Flying to Boston was uneventful. I expected to be hounded by the Bedford Falls, small-town TSA officials for being a “traveling tranny,” or more precisely, someone whose photo ID didn’t match the way she looked. They studied my ID, the name printed on my ticket, and my face, then made some little initials on my ticket and passed me through, no body cavity search or deep interrogation necessary. I didn’t even have any special treatment in the metal detector, but Mary Jo was given an extremely thorough examination because she carried her cell phone through the metal detector in her pocket.

The only remotely interesting that happened was that in the waiting area, one fellow seemed to be staring at me, and looking away when I met his gaze. He was a college student, an athletic man in his early 20’s wearing a baseball cap and reading Sports Illustrated. “OK,” I said to myself, “so he reads you as tranny and doesn’t like it — big deal.” Turns out than when we’ve boarded, jock-boy works his way down the plane’s aisle and tells me he’s in the seat next to me. He squeezes in, looks out the window, and never looks back at me. Nothing bad happened, and for all I know, he didn’t give me a second thought. But I realized just how self conscious I still am, and remembered why I thought (and still think) FFS is a generally good idea — because not everyone I encounter will be college students and professors and because even if no one knows or cares about my transsexual nature, I’m the one who still feels self-conscious, and lowering my self-consciousness is going to be a very good thing over the long haul.

Switching planes in Dallas wasn’t hard, nor was the flight to Boston. We took the courtesy shuttle to our hotel and when we talked to the desk to check in, the man told me, “You two ladies are obviously going to want separate beds, but I’ve made a mistake and only have a king. What if you take that room for the same rate, and one of you can sleep on the pull out.” I guess I should have said something like “what are you talking about? We’re married.” But I didn’t even get his drift (i.e. women traveling together are clearly buddies and want separate beds) at the moment and thought the kingsized bed would be just fine, so we took it, getting the “Executive Suite,” two rooms, one of which has nothing but a conference table and a bar in it.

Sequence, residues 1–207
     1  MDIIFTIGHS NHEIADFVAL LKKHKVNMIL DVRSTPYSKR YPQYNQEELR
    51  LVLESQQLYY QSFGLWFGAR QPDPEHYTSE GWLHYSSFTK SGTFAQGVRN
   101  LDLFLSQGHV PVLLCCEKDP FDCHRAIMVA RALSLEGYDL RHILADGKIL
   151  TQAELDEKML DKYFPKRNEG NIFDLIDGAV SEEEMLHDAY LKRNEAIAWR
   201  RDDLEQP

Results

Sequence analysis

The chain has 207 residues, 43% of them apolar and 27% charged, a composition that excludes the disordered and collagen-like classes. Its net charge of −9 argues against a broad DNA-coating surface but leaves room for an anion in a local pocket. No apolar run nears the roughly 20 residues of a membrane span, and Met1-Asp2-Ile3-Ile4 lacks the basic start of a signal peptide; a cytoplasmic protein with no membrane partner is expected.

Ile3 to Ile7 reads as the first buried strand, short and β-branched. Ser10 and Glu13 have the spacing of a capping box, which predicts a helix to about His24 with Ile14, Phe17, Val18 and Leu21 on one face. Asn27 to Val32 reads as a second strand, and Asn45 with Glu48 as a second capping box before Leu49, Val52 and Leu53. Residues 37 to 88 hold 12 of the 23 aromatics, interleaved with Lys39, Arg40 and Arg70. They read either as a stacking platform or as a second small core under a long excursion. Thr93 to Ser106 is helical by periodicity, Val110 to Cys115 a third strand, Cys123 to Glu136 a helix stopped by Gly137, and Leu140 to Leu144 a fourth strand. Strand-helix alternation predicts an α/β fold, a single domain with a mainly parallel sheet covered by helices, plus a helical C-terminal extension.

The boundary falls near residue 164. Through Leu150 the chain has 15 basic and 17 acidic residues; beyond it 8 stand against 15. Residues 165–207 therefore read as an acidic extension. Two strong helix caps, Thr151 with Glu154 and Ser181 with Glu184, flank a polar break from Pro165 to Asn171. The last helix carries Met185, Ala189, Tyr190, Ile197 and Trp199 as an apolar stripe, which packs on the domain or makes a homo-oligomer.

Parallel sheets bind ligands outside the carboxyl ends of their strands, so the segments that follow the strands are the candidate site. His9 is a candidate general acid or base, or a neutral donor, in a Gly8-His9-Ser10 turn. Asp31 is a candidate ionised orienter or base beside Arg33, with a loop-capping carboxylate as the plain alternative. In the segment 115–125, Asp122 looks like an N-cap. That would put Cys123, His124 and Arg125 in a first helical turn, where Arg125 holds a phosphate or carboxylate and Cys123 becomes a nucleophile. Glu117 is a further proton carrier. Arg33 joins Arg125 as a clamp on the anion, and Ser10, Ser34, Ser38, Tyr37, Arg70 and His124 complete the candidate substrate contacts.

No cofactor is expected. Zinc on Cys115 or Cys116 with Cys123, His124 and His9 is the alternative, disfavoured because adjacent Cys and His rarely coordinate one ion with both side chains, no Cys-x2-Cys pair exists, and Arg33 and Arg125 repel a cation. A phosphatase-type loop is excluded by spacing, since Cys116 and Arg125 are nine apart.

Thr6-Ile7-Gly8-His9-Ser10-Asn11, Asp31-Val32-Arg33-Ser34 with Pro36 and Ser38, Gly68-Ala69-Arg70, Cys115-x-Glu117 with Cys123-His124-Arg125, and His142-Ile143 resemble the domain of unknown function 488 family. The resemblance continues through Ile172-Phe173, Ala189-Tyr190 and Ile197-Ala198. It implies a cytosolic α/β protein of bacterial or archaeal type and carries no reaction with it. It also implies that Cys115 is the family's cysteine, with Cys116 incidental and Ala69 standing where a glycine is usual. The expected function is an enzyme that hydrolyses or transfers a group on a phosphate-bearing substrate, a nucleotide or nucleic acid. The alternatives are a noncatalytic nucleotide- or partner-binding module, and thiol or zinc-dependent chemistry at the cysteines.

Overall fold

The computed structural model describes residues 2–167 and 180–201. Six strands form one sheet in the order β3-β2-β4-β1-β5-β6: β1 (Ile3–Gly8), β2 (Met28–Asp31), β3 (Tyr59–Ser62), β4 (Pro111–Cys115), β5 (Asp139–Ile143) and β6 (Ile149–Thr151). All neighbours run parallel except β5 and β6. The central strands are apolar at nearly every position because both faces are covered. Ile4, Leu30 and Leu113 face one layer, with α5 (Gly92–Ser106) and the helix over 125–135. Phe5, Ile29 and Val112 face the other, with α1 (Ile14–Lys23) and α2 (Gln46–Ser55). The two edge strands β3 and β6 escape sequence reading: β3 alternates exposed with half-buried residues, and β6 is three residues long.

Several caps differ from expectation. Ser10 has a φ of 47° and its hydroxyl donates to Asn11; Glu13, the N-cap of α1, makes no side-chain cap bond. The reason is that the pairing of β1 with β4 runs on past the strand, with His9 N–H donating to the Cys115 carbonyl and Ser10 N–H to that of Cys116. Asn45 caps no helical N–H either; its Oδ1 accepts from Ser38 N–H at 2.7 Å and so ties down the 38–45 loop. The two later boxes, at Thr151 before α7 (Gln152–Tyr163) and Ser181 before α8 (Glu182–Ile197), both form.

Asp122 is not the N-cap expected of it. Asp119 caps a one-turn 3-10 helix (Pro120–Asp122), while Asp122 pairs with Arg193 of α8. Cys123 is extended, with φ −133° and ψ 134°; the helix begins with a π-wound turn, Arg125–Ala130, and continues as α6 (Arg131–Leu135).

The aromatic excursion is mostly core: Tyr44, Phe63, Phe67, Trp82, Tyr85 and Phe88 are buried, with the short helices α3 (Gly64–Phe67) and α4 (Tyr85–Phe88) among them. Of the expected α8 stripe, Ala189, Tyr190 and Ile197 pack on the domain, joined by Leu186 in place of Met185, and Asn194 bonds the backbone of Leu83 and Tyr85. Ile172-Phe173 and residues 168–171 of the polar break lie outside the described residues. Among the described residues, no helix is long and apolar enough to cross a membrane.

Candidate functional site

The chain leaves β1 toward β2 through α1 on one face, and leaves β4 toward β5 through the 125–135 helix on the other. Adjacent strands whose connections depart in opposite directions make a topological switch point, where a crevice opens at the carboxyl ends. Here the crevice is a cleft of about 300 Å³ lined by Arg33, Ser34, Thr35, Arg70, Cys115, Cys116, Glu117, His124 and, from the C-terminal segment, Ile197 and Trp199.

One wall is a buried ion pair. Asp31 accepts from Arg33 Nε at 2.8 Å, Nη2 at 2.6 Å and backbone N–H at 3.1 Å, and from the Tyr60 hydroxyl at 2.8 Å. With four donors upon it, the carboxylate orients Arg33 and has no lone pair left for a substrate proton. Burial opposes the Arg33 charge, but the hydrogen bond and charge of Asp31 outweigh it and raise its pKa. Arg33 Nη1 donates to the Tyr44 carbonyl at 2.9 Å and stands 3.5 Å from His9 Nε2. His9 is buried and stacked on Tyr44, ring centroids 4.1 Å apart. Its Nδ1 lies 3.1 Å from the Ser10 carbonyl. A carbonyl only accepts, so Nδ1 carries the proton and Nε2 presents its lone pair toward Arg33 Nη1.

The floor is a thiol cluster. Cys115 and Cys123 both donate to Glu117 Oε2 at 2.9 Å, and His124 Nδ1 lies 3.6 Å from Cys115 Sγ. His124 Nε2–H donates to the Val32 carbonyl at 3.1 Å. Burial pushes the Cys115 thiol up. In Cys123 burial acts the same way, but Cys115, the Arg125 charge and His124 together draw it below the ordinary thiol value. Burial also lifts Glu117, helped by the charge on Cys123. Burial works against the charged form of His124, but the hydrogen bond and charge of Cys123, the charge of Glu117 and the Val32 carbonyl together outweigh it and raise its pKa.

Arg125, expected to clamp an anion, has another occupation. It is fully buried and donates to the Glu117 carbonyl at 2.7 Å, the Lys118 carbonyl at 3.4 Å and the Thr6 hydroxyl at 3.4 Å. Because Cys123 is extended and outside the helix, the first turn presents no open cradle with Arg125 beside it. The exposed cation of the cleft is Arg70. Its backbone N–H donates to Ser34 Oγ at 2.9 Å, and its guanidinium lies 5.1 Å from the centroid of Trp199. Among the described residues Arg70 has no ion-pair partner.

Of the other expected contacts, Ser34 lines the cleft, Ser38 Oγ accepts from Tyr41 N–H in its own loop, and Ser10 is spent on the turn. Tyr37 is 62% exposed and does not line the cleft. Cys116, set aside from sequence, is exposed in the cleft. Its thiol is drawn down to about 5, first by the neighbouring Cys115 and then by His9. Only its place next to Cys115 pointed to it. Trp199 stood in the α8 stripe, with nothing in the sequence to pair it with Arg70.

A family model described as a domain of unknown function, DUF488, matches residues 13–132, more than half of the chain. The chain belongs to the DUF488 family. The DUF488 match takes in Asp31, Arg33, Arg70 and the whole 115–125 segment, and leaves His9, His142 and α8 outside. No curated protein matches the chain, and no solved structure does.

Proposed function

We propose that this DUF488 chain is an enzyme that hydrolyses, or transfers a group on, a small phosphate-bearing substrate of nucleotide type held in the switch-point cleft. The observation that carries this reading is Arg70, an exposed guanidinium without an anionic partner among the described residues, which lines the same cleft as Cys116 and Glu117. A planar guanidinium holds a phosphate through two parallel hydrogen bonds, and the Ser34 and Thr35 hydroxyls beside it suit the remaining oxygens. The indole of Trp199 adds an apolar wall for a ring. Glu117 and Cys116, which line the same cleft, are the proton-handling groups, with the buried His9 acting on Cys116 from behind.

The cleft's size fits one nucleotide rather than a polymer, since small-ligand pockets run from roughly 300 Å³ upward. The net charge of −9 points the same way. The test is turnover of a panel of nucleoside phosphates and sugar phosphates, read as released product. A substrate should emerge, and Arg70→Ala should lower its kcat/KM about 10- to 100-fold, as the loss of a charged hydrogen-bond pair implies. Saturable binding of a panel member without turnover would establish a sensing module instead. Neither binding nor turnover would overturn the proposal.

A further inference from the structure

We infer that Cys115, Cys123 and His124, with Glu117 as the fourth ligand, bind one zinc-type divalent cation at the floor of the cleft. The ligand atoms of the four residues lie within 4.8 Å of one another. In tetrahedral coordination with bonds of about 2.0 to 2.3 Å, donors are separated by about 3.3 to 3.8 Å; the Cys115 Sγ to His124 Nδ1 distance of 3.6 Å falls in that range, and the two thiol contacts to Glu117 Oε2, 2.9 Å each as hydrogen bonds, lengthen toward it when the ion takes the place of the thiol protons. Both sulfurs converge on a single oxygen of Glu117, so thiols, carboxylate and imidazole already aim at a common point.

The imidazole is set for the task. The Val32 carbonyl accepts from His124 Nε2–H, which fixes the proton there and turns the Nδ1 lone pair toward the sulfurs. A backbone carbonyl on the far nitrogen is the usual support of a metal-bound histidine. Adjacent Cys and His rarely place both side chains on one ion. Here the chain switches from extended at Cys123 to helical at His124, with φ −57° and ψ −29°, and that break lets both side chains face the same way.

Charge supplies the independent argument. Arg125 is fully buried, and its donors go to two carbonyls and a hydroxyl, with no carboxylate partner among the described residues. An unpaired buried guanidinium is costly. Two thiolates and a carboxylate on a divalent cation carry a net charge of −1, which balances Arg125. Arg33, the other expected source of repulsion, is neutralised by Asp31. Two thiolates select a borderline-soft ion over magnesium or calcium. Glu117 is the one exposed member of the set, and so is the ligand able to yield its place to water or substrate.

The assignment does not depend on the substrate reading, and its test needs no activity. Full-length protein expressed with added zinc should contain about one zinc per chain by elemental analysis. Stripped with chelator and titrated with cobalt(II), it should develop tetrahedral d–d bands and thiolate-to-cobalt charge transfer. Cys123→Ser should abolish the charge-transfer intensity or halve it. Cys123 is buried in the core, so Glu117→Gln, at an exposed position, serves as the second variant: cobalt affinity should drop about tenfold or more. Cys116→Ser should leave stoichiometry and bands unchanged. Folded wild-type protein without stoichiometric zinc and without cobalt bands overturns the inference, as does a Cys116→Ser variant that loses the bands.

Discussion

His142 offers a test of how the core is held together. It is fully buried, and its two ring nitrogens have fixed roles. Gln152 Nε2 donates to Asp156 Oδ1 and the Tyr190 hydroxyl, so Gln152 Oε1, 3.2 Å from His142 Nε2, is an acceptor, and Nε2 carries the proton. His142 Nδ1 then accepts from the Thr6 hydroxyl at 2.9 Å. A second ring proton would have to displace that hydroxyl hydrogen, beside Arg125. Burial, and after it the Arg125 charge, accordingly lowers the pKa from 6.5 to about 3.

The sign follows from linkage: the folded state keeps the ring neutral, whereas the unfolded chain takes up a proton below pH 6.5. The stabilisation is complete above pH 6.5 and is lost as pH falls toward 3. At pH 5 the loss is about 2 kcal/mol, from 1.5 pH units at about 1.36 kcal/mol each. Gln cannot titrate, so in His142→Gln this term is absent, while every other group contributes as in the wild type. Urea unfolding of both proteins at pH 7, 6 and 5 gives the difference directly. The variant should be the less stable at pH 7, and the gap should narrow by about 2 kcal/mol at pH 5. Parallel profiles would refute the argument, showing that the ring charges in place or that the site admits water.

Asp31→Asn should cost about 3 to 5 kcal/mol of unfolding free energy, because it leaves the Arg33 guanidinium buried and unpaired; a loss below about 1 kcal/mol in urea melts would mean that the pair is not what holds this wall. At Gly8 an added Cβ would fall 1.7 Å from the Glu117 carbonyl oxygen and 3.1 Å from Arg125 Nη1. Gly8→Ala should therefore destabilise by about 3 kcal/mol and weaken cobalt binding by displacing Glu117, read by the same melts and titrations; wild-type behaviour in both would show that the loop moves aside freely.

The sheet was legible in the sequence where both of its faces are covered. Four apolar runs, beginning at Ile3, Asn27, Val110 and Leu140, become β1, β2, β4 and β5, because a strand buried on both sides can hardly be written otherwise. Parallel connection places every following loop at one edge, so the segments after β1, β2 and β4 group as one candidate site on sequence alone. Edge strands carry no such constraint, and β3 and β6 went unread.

Violet Eggplant takes us around the city (6/22)

The next day, we met up with my Second Life friend, Violet Eggplant, and walked the length of Newberry Street, which has every posh shop and gallery you can imagine. We looked at Picasso lithographs (Mary Jo is particularly in love with one called Le Viol V — or The Rape 5), bought decadent Swiss chocolates, and got our senses blown away in a soap and bath-salts store called Lush, perhaps the most amazing establishment I have experienced in a long time. Laid out like a deli, this shop’s goods are displayed food-style so that your soaps look like rounds of cheeses, your facial masks are scooped out from salad bar containers, and bath salts are made to look like marble-breads. My olfactory system was in overdrive as we sampled and bought a range of goodies and were treated to some very nice hand salts, lotions, and creams by the proprietor. I didn’t see the bill, but I believe Mary Jo paid hundreds of dollars for our large bag of goodies, some of which we used in the bath and on our skin that very night, much to our delight.

After Newberry Street, we walked through the Park and into the North End of Boston, which contains the Old North Church (One if by land and two if by sea from “The Midnight Ride of Paul Revere“), old cemeteries, and perhaps hundreds of nice Italian restaurants. I had mushroom risotto, but no wine, as my pre-surgery rules forbid alcohol, aspirin, ibuprofen, and hormones, a prohibition that really pained me as this meal cried out for a big-bodied red wine. After dinner, we walked around a bit, bought pastries from Mike’s (which is enormously popular), and sat in a square talking and eating our newly purchased pastries. We parted ways and made vague plans to get together post surgery, which is frustrating for me — I’m having such a great time that it’s easy to forget that I’m not on vacation for more than a few hours more.

Boston Medical Center (6/23)